Use of genomic DNA control features and predicted operon structure in microarray data analysis: ArrayLeaRNA – a Bayesian approach
© Pin and Reuter; licensee BioMed Central Ltd. 2007
Received: 09 January 2007
Accepted: 19 November 2007
Published: 19 November 2007
Microarrays are widely used for the study of gene expression; however deciding on whether observed differences in expression are significant remains a challenge.
A computing tool (ArrayLeaRNA) has been developed for gene expression analysis. It implements a Bayesian approach which is based on the Gumbel distribution and uses printed genomic DNA control features for normalization and for estimation of the parameters of the Bayesian model and prior knowledge from predicted operon structure. The method is compared with two other approaches: the classical LOWESS normalization followed by a two fold cut-off criterion and the OpWise method (Price, et al. 2006. BMC Bioinformatics. 7, 19), a published Bayesian approach also using predicted operon structure. The three methods were compared on experimental datasets with prior knowledge of gene expression. With ArrayLeaRNA, data normalization is carried out according to the genomic features which reflect the results of equally transcribed genes; also the statistical significance of the difference in expression is based on the variability of the equally transcribed genes. The operon information helps the classification of genes with low confidence measurements.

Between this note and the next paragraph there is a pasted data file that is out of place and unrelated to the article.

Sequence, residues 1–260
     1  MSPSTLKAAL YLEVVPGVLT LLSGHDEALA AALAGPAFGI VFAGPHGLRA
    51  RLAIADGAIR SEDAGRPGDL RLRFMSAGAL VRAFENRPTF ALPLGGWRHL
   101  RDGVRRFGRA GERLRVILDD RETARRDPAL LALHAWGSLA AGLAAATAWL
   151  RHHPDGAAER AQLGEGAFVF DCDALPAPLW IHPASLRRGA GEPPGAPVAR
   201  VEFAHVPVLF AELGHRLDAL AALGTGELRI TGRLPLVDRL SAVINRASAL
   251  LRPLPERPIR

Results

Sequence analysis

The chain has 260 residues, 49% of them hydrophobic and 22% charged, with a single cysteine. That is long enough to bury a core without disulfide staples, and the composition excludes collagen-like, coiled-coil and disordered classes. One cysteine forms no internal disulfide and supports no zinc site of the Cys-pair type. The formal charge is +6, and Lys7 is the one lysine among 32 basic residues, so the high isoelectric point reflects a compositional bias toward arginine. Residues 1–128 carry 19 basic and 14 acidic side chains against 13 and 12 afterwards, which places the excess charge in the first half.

ArrayLeaRNA is implemented in Visual Basic and freely available as an Excel add-in at http://www.ifr.ac.uk/safety/ArrayLeaRNA/
We have introduced a novel Bayesian model and demonstrated that it is a robust method for analysing microarray expression profiles. ArrayLeaRNA showed a considerable improvement in data normalization, in the estimation of the experimental variability intrinsic to each hybridization and in the establishment of a clear boundary between non-changing and differentially expressed genes. The method is applicable to data derived from hybridizations of labelled cDNA samples as well as from hybridizations of labelled cDNA with genomic DNA and can be used for the analysis of datasets where differentially regulated genes predominate.